Although I moved to this farm only recently, I have loved this place for years, passing by on the road home, slowing to look. There was usually something happening: smoke coming out the chimney; a tractor in the yard being worked on; Mary kneeling in her garden, tending the phlox. And always, there was the mountain. To have come here now is a little like falling in love with an old friend, someone you have known for years, someone you never thought of that way. But all of a sudden, there you are. I never thought Mary’s farm would become mine, and to be here is like the best, most rewarding kind of love.
Mary’s fields, almost all of which are on the other side of the road from the farmhouse, have been open since the early 19th century and, so far as I know, always farmed. The farmers who worked these fields must have enjoyed it. Walk up into the fields, and the mountain is smack in front of you; the fields, separated by hedgerows, roll out on either side, like something in England.
A few years ago, in the early spring, I began to notice that the trees beside the road were getting a much-needed trimming. A young man I did not recognize was busy with his chain saw, selectively cutting trees that had grown thick. He was carefully removing the brush and then raking, so that the roadsides looked beautifully groomed, almost combed. In spots where it had been obscured by these trees, the mountain was now grandly present.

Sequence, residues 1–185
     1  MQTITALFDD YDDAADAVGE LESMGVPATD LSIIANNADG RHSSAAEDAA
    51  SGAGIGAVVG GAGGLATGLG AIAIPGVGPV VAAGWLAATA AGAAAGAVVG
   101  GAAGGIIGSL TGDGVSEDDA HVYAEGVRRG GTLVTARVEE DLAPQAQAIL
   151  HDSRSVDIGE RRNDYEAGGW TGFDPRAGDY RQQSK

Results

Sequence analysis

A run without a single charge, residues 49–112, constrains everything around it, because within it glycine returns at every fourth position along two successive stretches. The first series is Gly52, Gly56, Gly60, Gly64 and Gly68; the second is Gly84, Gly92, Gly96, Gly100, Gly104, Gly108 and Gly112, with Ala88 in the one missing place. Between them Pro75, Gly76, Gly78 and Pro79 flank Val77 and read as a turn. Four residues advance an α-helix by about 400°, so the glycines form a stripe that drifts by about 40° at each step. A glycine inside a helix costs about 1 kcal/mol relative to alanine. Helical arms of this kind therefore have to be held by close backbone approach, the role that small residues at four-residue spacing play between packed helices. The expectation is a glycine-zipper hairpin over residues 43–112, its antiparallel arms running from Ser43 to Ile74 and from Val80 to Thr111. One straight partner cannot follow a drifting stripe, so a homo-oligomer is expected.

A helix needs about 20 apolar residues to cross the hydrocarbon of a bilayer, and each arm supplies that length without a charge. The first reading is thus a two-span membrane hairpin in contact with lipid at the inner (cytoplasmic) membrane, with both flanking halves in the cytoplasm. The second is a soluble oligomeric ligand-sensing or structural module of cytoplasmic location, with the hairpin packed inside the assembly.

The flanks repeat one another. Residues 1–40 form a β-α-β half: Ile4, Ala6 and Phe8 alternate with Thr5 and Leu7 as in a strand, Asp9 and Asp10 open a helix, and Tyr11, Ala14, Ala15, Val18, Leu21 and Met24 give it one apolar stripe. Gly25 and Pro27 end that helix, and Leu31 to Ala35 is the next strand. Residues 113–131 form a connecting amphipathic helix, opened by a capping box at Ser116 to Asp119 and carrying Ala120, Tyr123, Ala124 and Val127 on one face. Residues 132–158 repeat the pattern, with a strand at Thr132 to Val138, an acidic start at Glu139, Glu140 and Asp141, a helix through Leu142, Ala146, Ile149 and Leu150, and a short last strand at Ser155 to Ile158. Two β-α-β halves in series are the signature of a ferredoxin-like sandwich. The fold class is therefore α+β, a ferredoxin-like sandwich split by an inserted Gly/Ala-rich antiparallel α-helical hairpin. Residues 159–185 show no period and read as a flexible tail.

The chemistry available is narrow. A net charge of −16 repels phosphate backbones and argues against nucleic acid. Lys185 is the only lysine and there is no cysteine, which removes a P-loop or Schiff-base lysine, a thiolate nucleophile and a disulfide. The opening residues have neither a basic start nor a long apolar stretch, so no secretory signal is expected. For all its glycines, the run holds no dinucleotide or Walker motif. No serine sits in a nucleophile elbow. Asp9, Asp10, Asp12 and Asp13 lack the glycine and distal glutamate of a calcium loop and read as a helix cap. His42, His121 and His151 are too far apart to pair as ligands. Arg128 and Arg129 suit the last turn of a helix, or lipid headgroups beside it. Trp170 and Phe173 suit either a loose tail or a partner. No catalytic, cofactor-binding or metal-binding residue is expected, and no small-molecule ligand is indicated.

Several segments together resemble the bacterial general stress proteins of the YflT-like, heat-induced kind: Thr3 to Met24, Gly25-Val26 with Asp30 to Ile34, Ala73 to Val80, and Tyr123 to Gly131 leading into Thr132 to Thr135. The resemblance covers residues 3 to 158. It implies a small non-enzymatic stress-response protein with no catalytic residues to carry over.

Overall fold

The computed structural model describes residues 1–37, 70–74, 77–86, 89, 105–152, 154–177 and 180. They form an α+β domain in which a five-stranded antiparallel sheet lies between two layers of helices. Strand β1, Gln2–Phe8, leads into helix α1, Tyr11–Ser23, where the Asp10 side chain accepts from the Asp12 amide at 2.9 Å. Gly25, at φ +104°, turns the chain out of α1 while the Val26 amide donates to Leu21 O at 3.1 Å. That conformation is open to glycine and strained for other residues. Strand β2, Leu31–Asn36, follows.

This went on for a couple of months. One day I spotted the young man beside the road. Instead of his chain saw, he was working with carpenter’s tools. The road that passes by Mary’s house is cut into a bank, which makes entrance to the field a bit challenging. Into the bank he was building a flight of wooden steps. The next time I came by, the steps were adorned with pots of flowers, and in the field there was a freestanding white arbor. The rising steps and the distant arbor, set facing the mountain as they were, seemed like an entrance to paradise.
I looked forward to my ride home from work, hoping to catch the next act in this silent play. I was not disappointed: Everywhere around the farm there were flowers, in pots, in vases, in bundles tied with ribbons. Set in the field, facing the arbor, were neat rows of hay bales. Carefully laid on each bale was a white cloth. Pews! There was going to be a wedding—a most elegant outdoor wedding! I wondered who could be getting married. Mary was a widow in her 70s, and as far as I knew, both of her daughters were married.
I wasn’t the only one who had been keeping track of this wedding-in-the-works. Several people in town drove up to the hill on that Saturday and watched from their cars as the couple joined together under the arch. Later I heard the story, told often by a woman in town who calls this “the love story.” A young man who knew Mary and loved her view asked her if he could be married in her field. In return, he said, he would cut the trees beside the road and open up her view.
The arbor is long gone, but the tidy roadside and the steps remain, to remind me of that spring of ardent preparation by a diligent young man. A wonderful love story, and I am as surprised as anyone to discover that I am now enjoying the benefits, inside a love story all my own.
A slightly longer version of this essay, the first of Edie Clark’s “Mary’s Farm” columns, was published in the June 1999 issue of Yankee. Edie’s books are available at edieclark.com.